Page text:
This month’s blog series focuses on the grace we pray for in the second week of the Spiritual Exercises: to know, to love, and to follow Jesus. Today as we end this series, Gretchen Crowder shares with us how we need to be vulnerable in order to change and grow.
First years are always filled with growing pains, and not one of my first years of teaching was an exception to this rule. The first one in a Jesuit school, however, was particularly achy. There is something about learning how to be an Ignatian educator that mimics the growing pains of youth. Suddenly everything I had learned about teaching and spirituality and who I was as a person of faith was turned on its head. Like a child suddenly facing rapid growth, I did not know how to deal with it all.
So, I fought against it.
I came to meetings with my faculty advisor with the conclusions already reached. I knew what I excelled at and, even more clearly, I knew what I needed to improve. I already had my own improvement plan. Every time. I called it “being prepared.” She did not quite call it that.
Even though I was not aware of it at the time, this “improvement plan” of mine was actually my script to enter into a conversation without having to hear anything I did not want to hear. It was my script to enter into a conversation without having to be vulnerable or watch another person be vulnerable with me. This script, however, did not actually help me navigate the conversation more peacefully. Instead, it left me completely unavailable to the conversation. It left me unavailable to the fruits that can come from simply listening to another person. It left me unavailable to hear what really needed to be said.
How often do we enter into a conversation with God, script in hand? I know I do it all the time, and I often wonder what God is thinking when I do.
I know now what my advisor was thinking. After a few months of these meetings had passed, I entered her office, script in hand as usual. This time, however, she put her hand up to stop me. She asked me to put my paper down, and then asked me to leave her office. “Gretchen, we can not have a conversation until you are ready to listen as well as talk. Come back when you are ready to do that.” Baffled, I left.
This was a difficult moment for me. I am a rule-abider, A-student. I do not get kicked out of people’s offices! But there I was being kicked out and wondering if it meant that perhaps this job I had changed everything in my life for… wouldn’t last. So I had to take time to pause, to breathe, and figure out what to do next.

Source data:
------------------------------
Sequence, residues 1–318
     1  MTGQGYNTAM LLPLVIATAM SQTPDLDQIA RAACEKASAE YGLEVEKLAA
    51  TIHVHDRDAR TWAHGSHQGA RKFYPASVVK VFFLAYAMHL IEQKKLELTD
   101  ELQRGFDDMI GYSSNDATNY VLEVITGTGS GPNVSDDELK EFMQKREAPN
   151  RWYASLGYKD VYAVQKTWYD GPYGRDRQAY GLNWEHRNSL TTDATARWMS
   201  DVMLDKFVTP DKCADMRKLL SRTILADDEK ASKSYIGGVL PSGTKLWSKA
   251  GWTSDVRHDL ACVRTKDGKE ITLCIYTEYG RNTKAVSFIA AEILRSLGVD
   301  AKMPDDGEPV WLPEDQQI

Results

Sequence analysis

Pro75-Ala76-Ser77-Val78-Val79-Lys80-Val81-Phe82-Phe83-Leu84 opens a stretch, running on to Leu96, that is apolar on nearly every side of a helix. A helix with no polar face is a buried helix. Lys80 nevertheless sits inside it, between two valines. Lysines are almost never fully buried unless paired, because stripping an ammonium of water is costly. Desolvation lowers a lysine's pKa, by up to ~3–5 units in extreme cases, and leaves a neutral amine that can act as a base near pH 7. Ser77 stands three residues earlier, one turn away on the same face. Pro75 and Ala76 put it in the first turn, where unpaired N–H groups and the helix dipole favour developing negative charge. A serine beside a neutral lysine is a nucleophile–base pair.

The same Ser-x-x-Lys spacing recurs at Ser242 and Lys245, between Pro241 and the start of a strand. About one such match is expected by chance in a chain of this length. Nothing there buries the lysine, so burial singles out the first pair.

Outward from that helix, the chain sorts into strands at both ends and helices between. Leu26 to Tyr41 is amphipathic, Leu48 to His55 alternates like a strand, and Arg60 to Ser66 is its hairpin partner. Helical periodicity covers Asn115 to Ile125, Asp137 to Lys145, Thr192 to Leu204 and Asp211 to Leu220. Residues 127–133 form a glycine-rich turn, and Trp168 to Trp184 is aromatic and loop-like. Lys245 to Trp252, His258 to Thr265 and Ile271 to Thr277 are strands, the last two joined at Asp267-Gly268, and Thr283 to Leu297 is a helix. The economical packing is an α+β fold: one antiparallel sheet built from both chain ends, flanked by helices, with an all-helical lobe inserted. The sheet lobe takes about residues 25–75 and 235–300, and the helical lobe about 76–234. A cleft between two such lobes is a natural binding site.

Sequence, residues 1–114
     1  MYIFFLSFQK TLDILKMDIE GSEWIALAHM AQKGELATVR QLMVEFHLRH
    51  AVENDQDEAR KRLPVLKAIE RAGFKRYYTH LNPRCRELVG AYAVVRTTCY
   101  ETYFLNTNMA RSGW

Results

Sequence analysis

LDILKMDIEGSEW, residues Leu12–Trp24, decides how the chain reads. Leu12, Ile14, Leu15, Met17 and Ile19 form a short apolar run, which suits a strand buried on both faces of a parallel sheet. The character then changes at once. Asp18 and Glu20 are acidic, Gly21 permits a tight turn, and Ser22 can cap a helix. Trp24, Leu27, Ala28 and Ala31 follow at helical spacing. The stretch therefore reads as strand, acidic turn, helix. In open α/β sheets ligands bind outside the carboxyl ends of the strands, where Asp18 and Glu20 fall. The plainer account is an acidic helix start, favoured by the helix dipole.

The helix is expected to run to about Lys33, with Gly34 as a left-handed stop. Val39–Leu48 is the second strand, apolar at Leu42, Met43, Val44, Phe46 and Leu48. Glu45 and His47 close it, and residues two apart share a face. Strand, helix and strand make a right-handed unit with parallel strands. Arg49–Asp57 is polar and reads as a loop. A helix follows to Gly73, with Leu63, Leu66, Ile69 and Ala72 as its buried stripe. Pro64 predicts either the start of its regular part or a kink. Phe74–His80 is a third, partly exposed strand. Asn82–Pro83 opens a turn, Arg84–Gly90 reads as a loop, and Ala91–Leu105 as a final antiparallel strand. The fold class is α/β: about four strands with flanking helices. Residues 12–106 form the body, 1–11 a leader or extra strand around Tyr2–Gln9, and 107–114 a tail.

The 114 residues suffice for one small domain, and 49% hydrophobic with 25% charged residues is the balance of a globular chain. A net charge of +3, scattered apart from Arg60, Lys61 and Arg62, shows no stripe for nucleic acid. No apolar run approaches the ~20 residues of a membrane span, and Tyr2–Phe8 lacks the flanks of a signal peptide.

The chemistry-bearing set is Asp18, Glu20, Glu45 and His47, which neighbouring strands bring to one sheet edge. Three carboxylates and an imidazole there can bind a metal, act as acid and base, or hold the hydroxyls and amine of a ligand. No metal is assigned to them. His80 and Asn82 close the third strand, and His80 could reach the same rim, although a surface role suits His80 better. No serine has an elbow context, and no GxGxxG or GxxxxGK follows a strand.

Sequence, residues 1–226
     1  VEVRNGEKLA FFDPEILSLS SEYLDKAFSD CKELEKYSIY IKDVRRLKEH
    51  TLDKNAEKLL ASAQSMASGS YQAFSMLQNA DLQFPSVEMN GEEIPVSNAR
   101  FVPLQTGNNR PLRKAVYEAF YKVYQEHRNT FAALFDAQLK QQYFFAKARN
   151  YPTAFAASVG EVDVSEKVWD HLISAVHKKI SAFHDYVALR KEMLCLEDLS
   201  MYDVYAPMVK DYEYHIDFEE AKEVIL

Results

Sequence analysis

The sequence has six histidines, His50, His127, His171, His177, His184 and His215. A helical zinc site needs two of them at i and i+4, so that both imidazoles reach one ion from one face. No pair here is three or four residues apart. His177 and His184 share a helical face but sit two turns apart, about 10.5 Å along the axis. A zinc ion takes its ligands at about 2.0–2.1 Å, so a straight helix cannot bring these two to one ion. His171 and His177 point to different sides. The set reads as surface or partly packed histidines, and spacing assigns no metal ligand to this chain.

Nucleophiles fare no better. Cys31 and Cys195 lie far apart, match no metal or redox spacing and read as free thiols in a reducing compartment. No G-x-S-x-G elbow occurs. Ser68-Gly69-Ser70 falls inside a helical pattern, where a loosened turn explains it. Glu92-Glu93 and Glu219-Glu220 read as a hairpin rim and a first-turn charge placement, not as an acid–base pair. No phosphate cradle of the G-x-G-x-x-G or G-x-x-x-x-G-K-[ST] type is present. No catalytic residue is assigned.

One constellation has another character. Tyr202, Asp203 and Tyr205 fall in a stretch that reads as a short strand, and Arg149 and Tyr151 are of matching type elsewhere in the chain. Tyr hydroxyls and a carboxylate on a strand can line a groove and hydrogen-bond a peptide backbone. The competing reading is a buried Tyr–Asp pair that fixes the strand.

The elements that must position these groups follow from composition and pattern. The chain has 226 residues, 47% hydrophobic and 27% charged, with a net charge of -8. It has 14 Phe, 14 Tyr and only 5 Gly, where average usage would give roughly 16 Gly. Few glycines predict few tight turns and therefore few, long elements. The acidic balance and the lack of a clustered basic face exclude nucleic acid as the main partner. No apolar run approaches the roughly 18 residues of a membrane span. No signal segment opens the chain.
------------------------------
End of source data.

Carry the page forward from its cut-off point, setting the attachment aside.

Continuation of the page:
Eventually, I realized in order for this particular new job to work out – something had to change in me. Over the next few weeks, I approached her door several times, reaching up my hand to knock… and then walking away without making a noise. It took awhile for me to realize that the one thing standing between me and growth was availability. Like St. Ignatius states in the First Principle and Foundation, there were created things standing in the way of my availability to a real conversation. I was afraid to change. I was afraid to be wrong. I was afraid to be imperfect.
In order to really grow, I had to let those things go so I could be more available to listen. I had to let them go so I could be available to be vulnerable and allow someone to be vulnerable with me. Only then, could a real conversation begin.
In all honesty, I still struggle with vulnerability particularly with Christ. I still show up more often than not with a script in hand wondering if He can help me polish my plan. I know I do it because being truly vulnerable is so hard. Letting Christ know that I do not actually have all the answers and being open to where He wants to lead me takes tremendous courage. I also know, however, that I am entering my fourteenth year at a place that has literally changed my life. I would not be the person I am today if I didn’t take a risk and put the script down and let Christ speak directly to my heart.
As we wrap up this series of knowing, loving and following the Lord, I invite you to think about how you enter into conversations with Him. If you are like me and have the polished script all ready for your next time in prayer, consider laying it down. Instead, just take a breath, raise your hand, and knock on Christ’s door with an open heart. It may just change your life.
Explore more about Vulnerability with Christ with these other articles:
For more on the First Principle and Foundation, check out this video from The Jesuit Post.
Photo by Christina @wocintechchat.com on unsplash.